make good the extravagance and unre
stricted tree destroying activities of our
wasteful predecessors and of our own gen
eration. And In assuming the onerous
labor we may be buoyed by the thought
that the work is one which will benefit not
only ourselves, but those who will come
after us. While the national folly of forest
destruction without adequate preparations
for reproduction can never be wholly re
trieved, it is evident that great progress
has been made in the extension of the
The state of feiinsylvania, which bus
presented perhaps the most conspicuous
example of the dire results which have
nttetyled the waste of our forest heritage,
having been transformed from a remarka
bly well-wooded, tree-endowed district to
an almost barren condition, is foremost
now among the tree-planting and tree
protecting commonwealths. 70S.79D acres of
land having been secured by the State
Korcstry Reservation commission up to
date. Philadelphia's city forestry depart
ment, it is pleasant to note, has planted
5,000 trees this spring In and about the
city, and the trees In the city parks and
thoroughfares are to be safeguarded by an
Increased force of patrollng gardeners this
season. Report from other sections this
spring indicate an equally cheerful exten
sion of the tree-planting sentiment, a
healthful, helpful idea which happily has
Its permanent taproot, not only In the
deep, fertile soil of tree economy, but far
in the depths of right, moral Impulse.
Stella-Did you give him your love?
Bella Yes; conditional on his raising ar
equsl amount. New York Sun.
O'Rourke Phwy did yez smash O Ut jeii'
( I'Kellly The spaloane nsked me If 1 ml
lolk id 'have a dhrlnk, an' 1 said I wu.l
( ) Rourke Yls?
O'Reilly An' thin be said he wud too.
Medical Kxanilner You are lu a weal,,
exhausted physical condition; seem to lu
all run down.
Applicant for Policy Yes; and yet I
was a well niau when your agent started
In worrying the life out of mo to buy
some Insurance ef him. Cleveland Lender.
Respectable flea eon I wish that young
Canon Mayberry weren't obliged to pica, h
to such a small congregation.
Frivolous Widow So do 1. Kvery time
he said "Dearly beloved ' this morning 1
felt as If 1 had received a proposal.
Judge I'll give you thirty days In Jail.
Prisoner (Jood! My wife will lie through
cleaning bouse when 1 get out. Kansas
Dr. Dasher I wish to marry your daugh
Old Man Murjer But you have no pros
pects, voting man.
Dr. Dasher oh. yes. I have. You don't
know It. but you've got appendicitis. Mf
W A WHIM; THK OAWK.
Did yiui ever take your lady friend to see a
game of ball.
And sit up in the grand stand where you
couldn't even smoke?
And as yon watch the catcher tag the run
ner, hear her call,
"What made that horrid big man give
that little one a poke?"
The game begins to liven up some fellow
makes a hit;
The runner scores from second and t lie
people roar and shout.
Then. Just as you start cheering you will
throw a double tit.
When the maiden softly murmurs,
"What's this racket all ubout?"
She asks you why the catcher wears a pil
low on his hand.
Or why they have him muzzled Is he
such an awful brute?
What makes that fellow hit the ball ami
run to beat tho band?
Some wonder that you then will feel Uka
some big rube galoot.
She asks you what an error Is, aad what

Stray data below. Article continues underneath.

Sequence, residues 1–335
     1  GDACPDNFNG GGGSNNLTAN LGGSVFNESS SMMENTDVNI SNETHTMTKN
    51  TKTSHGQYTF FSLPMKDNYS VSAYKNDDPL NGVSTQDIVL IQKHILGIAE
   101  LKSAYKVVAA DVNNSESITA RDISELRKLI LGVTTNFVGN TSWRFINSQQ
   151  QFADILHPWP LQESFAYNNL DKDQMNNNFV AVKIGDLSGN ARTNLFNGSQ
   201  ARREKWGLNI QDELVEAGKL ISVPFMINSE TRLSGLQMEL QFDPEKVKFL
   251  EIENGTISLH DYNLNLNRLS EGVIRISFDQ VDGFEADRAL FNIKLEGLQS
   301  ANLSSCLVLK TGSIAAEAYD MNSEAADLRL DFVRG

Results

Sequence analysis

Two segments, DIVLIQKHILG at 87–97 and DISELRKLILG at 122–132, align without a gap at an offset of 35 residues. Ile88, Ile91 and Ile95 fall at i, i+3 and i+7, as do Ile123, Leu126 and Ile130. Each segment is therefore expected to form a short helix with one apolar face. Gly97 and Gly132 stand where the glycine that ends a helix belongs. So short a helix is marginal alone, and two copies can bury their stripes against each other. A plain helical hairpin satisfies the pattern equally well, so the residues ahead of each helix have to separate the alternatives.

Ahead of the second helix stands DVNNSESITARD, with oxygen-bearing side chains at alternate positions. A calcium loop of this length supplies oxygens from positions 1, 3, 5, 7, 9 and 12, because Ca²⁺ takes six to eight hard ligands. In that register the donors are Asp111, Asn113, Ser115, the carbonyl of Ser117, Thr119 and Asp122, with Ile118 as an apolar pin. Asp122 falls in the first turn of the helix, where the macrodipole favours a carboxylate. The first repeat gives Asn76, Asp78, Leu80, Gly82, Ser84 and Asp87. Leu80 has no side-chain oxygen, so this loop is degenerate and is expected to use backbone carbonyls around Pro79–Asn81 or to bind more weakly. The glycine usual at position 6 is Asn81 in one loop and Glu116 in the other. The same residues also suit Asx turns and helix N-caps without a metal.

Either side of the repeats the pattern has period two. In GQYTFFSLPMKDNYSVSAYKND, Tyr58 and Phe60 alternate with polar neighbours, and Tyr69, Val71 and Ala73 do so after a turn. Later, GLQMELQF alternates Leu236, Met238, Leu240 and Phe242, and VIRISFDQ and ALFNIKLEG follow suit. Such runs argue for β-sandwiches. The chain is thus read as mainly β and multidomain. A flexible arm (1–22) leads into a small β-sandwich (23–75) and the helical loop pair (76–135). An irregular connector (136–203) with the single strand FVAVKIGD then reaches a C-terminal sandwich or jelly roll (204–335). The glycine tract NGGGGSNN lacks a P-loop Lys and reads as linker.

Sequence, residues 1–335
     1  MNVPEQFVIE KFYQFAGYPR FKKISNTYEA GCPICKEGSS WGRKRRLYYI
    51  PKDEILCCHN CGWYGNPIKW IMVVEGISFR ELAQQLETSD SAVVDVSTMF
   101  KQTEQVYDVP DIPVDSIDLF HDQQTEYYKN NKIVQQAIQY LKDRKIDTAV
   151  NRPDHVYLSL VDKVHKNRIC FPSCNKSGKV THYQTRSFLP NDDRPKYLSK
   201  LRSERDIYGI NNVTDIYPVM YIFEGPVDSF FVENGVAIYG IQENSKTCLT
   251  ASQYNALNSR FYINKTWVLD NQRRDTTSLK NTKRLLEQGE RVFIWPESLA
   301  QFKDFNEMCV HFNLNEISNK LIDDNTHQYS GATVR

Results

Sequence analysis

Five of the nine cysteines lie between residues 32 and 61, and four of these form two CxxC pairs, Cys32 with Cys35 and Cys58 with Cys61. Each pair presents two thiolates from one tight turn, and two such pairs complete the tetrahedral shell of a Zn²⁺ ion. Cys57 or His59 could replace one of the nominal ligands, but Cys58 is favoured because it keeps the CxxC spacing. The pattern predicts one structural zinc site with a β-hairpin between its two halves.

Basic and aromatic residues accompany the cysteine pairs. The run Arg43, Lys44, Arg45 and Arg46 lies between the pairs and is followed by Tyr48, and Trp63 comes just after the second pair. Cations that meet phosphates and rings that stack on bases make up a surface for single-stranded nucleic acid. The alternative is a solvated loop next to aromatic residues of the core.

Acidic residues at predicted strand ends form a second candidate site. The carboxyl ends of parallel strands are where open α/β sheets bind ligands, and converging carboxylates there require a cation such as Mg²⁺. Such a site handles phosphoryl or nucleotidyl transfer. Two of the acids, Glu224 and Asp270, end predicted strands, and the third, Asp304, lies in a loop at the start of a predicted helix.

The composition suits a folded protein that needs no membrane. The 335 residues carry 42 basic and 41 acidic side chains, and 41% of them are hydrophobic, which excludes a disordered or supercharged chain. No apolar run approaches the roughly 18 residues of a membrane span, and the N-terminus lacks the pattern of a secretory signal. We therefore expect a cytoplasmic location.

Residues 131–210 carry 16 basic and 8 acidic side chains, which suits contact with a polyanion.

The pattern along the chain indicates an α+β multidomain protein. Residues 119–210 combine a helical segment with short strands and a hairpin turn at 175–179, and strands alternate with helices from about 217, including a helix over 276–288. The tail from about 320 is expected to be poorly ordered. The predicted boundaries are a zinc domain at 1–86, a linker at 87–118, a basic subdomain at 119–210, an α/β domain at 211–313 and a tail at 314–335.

you mean by "bunt,"
And when the game la orr arte wsnts to
know who won.
"Oh. wasn't it exciting? It was such a
I don't remember when It was I ever had
Yes, this is what you're up against, unless
you know the game.
You wonder why on earth, then, you ever
brought her out.
But next day you call 'round again and
take her bv the arm.
For we're all against that game without
Can your appetite conceive
anything more toothsome
than a sweet delicious choco
late cake and a cup of creamy
Qhirardelli's Ground Choco
late? A pantry without Ghirar
defli's is like a garden without
Smoother and more economical
thun cake chocolate.
G ROUN D
Corporate drip on Chicago.
New York Tribune.
Chicago's north and west railway sys
tems were appraised for taxation purposes
by experts at I.ihO.ixi, and stocked and
bonded by ti e owners for JUT.om) This
1'io.OiO.OtO difference ri presented the value
of municipal franchises given to them;
thwt is tlie use of the streets, privileges
which the city would now be glad to re
cover, so as to gel the advantage of them
Itself. Hut IhoiiRh It practically gave
them away, the chain e of lis getting them
back for nothing Is slim.
f:perlmeat In Hailrfiart Onneraklu.
There is to be a HUIm i xperimeul of fed
fr.il ownership or railroa Is in the Panama
line, and Us ritdiiag. iii'-ui. acc ording !
semi-offliia I aiinounc ineni, la to b a pal-
SjiM wMaM i;ues cl li .iiisp-u'i.iuon.
x After Exposure
to snow or rain a cold comes.
will cure in one night it will always prevent
a cold if taken on coming in out of tha wet.
Delightfully pleasant to the taste. Good
for children. Good for everybody.
Last November I hi ukea with sTre mid
and court)- I uaad a boula of aiandud expectorant and was
not benefitted In tha least: I than tried aaothar aunoard
oouf h cure, but vtlh no batter raeuita than with the axpao
torant. I ni than rcomtnnde) by a drug 11 at Covtnf
ton, Ca.. to try C:. Bell a Pine-Tar-Honey and after ualng
one 2c bottle I Ml completely cured. This tettlmcnlal
was unsolicited, but you are al liberty to iuw It In any way
you may chooae. In my opinion you have by far the beat
couch medicine on the market. Yours truly.
I K. Noaaaa. Ola. Ce.
Oure Oovghm mnd
Olvom Strength to thm Lung
tlfsr , 000,000 kettlee were ield imjlmt la tear 104, on aa
absolute guarantee. Out of thla vaat Dumber of aalea money waa
refunded on only all bottles. This proportion 4 out of ,UOu,uOQ 1
so exoeedlng ly small that It hardly makes rtppie la the solid
phalanx of seliafled customers- Thla Is the unprecedented
reoord of the moat wonderful cough medicine on the uuuket.
H tir LOOK FOR THE BELL ON THE BOTTLE, "l II
IS cent. 50 cent and ll.OO Battles.
Prepared by E. E. SUTHERLAND MEDICINE CO., Paducah,